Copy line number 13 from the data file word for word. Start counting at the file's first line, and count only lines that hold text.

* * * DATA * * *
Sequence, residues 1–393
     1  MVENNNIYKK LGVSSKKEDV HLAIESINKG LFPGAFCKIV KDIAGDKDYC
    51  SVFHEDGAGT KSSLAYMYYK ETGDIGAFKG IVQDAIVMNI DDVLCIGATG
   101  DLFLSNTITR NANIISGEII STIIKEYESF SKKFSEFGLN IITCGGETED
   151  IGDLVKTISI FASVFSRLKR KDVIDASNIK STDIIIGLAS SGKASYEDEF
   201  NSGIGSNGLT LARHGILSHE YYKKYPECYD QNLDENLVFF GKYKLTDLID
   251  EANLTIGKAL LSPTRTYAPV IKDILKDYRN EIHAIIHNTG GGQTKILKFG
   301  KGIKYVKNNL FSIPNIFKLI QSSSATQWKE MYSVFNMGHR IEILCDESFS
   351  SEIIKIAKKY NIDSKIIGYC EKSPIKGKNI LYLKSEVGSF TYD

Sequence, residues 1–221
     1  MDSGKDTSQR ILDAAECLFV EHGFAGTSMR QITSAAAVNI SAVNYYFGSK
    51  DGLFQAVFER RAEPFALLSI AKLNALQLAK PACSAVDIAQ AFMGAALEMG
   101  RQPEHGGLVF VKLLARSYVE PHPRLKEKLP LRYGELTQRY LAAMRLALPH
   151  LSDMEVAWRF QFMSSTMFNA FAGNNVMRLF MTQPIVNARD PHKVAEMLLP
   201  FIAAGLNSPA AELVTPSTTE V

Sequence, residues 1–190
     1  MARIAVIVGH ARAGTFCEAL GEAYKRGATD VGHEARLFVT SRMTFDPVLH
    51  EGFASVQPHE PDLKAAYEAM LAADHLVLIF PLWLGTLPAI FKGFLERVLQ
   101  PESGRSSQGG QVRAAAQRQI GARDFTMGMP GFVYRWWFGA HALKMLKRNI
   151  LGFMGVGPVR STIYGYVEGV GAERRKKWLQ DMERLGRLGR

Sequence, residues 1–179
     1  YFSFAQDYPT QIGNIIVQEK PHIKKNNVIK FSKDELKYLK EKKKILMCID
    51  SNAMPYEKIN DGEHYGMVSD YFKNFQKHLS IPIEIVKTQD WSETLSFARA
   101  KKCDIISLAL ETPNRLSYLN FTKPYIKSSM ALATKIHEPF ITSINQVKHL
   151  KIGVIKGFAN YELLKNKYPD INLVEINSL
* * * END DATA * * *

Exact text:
   101  RQPEHGGLVF VKLLARSYVE PHPRLKEKLP LRYGELTQRY LAAMRLALPH